Faculty and academic advisors routinely tell students that taking Africana Studies classes won’t help them get a job, Brown claimed.

“If they would stop telling students to not take our classes, we would have even more of an ethnically and culturally diverse population. But the fact is, it’s a self-fulfilling prophecy. If people only think it’s for black students, you’re only going to let black students into it, and you’re going to shift white and other students away from them, and that’s what the problem is,” he said.

In addition to the three core faculty members, the department has 12 affiliated faculty members from all over campus. Despite the fact that the department doesn’t have a graduate program, Brown said he’s serving on a dozen dissertation or master’s thesis committees.

“… When the chancellor says, ‘Well, people are in their little silos or their smokestacks and they don’t know how to interact with each other’ — we are the model of what he’s calling for and he’s never looked at us and said, ‘I see your worth,’” he said.

Brown said Africana Studies courses prepare students for living in a complicated world.

“If there were no black students on this campus, you would need an Africana Studies program,” Brown said. “If this was an all-male school, you would need a Women and Gender and Sexuality Studies program. If it were all-white, you would need a Latino Studies program, because the people you’re turning out need to live in a global economy and a global political structure, and if you’re going to be taking an economics class or a business class, you might wind up working for a company where the first person who’s your supervisor is a black lesbian. And if you don’t know how to deal with that because of your white male privilege, you’re doomed, and your school did not prepare you to work.”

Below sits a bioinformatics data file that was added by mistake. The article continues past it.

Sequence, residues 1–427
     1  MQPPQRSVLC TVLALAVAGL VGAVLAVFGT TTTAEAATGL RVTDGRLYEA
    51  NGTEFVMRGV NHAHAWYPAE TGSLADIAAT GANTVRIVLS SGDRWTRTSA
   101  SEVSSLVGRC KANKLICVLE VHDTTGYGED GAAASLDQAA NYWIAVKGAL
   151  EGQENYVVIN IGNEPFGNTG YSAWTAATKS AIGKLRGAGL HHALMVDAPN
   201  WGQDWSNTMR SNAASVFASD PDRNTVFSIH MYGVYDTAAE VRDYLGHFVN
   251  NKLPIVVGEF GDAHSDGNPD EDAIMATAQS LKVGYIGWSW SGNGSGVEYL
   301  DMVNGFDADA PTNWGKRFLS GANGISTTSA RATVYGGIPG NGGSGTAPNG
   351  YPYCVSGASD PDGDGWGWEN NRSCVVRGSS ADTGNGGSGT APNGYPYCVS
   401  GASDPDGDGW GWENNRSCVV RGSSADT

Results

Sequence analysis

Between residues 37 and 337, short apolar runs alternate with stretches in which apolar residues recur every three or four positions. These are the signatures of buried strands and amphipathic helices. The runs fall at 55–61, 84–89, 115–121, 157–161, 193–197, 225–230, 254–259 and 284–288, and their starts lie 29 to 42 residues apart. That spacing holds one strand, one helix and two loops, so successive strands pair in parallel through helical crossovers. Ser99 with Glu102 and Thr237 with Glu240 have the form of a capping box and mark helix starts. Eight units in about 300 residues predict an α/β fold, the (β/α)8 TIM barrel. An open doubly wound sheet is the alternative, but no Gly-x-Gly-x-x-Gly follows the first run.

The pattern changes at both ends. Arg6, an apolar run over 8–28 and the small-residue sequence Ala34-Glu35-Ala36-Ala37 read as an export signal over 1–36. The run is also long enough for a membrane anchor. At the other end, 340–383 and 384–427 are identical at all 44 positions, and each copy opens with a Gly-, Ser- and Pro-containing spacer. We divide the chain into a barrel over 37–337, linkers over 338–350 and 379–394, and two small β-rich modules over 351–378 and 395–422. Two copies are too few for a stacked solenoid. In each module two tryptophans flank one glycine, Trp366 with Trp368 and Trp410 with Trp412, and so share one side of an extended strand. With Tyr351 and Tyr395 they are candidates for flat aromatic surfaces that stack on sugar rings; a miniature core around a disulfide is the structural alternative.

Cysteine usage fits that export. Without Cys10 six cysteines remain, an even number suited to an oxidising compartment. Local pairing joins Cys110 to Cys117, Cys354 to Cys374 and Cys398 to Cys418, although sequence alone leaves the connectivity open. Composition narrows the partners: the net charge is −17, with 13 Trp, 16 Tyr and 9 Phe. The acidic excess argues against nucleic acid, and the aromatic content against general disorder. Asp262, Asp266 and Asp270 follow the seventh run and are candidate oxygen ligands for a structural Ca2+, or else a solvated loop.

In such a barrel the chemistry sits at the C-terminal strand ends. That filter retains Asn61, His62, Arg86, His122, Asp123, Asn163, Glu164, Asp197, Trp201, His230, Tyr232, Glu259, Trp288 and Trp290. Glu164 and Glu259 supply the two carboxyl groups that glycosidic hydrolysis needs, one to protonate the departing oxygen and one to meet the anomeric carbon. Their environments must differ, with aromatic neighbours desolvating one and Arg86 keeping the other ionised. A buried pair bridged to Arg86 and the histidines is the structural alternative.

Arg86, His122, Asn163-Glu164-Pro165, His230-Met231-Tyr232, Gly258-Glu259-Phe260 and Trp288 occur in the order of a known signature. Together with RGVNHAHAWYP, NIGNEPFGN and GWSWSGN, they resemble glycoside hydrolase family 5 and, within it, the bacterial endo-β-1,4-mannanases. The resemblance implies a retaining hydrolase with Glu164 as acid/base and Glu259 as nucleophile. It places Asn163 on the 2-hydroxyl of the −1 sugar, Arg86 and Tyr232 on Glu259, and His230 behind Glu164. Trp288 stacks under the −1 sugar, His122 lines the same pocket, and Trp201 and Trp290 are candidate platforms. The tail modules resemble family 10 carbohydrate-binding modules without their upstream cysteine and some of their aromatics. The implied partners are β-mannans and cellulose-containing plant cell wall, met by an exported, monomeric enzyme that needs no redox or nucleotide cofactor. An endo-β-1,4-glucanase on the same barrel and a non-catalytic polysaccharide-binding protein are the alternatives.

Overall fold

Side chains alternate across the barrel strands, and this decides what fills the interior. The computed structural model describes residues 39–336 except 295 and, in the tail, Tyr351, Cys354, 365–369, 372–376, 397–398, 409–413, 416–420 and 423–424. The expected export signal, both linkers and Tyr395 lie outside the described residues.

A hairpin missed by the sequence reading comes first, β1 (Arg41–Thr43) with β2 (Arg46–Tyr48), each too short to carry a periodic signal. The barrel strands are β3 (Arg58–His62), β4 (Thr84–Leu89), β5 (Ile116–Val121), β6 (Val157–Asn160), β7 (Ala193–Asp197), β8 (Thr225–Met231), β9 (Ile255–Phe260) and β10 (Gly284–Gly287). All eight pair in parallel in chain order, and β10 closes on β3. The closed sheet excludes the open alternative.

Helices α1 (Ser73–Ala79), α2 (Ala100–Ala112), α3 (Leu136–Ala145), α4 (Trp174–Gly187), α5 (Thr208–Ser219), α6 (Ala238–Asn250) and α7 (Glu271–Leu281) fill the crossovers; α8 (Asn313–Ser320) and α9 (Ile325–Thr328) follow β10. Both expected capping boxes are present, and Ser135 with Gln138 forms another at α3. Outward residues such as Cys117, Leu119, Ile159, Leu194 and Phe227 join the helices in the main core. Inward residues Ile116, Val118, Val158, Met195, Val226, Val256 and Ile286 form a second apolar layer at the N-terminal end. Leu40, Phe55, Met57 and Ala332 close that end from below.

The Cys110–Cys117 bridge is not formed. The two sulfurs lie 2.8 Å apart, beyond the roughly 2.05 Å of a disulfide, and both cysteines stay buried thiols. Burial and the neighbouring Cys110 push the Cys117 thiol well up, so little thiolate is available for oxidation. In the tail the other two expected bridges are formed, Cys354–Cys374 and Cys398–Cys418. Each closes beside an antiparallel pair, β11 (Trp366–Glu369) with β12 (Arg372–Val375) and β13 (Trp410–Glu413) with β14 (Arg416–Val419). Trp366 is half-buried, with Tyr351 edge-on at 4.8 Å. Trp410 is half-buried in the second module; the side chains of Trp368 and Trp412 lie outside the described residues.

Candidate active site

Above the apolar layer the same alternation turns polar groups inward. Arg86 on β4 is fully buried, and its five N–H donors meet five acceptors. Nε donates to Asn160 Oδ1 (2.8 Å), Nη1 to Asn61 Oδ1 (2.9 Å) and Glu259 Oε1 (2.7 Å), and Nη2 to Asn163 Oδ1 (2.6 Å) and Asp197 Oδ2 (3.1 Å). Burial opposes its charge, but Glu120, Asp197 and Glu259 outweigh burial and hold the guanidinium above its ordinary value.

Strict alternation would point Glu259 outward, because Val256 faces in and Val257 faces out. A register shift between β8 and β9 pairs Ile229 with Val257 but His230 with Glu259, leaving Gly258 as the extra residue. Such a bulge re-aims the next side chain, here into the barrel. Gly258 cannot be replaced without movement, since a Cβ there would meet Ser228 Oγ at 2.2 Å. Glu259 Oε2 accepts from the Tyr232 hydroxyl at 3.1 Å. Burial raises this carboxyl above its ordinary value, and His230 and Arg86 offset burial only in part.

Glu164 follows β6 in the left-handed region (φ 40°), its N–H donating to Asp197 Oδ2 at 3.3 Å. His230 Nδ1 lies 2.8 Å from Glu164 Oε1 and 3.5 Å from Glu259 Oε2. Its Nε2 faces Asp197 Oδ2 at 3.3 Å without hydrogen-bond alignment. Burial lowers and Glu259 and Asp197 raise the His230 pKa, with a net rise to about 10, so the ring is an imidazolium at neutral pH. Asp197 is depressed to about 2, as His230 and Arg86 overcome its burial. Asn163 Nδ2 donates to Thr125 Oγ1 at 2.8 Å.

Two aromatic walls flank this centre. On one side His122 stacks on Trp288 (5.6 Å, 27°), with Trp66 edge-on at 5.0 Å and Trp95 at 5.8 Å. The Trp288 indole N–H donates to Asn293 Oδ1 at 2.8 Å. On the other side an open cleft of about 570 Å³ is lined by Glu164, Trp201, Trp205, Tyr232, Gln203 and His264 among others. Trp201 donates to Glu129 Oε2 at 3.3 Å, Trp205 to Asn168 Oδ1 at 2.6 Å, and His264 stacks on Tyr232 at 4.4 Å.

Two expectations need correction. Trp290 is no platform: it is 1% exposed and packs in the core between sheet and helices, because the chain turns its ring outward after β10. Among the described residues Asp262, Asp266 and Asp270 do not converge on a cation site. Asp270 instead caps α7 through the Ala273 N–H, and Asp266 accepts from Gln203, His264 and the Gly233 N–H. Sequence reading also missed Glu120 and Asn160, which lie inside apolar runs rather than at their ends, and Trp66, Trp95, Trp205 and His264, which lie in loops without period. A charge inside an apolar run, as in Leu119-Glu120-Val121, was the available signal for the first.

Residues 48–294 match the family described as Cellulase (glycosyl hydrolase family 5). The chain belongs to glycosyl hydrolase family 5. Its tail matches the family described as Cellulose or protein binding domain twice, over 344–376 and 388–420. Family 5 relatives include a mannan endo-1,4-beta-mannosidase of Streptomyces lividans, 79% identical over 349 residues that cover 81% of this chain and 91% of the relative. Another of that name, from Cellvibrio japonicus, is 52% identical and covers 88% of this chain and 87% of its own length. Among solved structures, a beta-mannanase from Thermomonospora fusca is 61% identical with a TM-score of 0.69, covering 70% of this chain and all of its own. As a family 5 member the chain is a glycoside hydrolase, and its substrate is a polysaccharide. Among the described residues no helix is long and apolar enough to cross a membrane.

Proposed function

He said shuttering the program would ultimately hurt SIU’s attempts to turn the enrollment crisis around.

“Close us down, and you will pay the price. Because you cannot welcome people here to save your economic crisis by telling people, ‘We don’t want your kind here.’ You can’t have it both ways. If you want to run a university by being contradictory to reality, good luck,” Brown said.

Brione Lockett, a Ph.D. student in health education and a graduate assistant for the Africana Studies department, double-majored in History and Africana Studies as an undergraduate at SIU. He said his degree helped him gain internships in politics and health — and has transformed the way he looks at the world.

“I want to do something big in health care. There’s a reason why, in health care, certain marginalized populations don’t go to doctors,” Lockett said.

Lockett, who is from Arlington Heights, said elimination of the Africana Studies major would conflict with the chancellor’s plan to improve cultural competency on campus and that he believes racism on campus and in the Southern Illinois region has been a deterrent for prospective students from Chicago.

Daquan Mosley, a freshman from Chicago studying Africana Studies, said his interest lies in racial and social justice and that the department was much of what attracted him to SIU.

“I had reached out to Father Brown over the summer to let him know some of the things I was going through in my community and how I felt about going to college as a freshman and some of the challenges I was facing — financial issues, social issues. And he had reached out to me to let me know to come see him the first week here, and I talked to him, and we just created this bond that we still have today,” Mosley said.

Mosley said the Africana Studies class he’s taking with Lockett has “opened (his) eyes” to racial and social issues.

“I’ll definitely take it hard if the department is eliminated, because I think that the department has given so much to myself and so many others,” he said.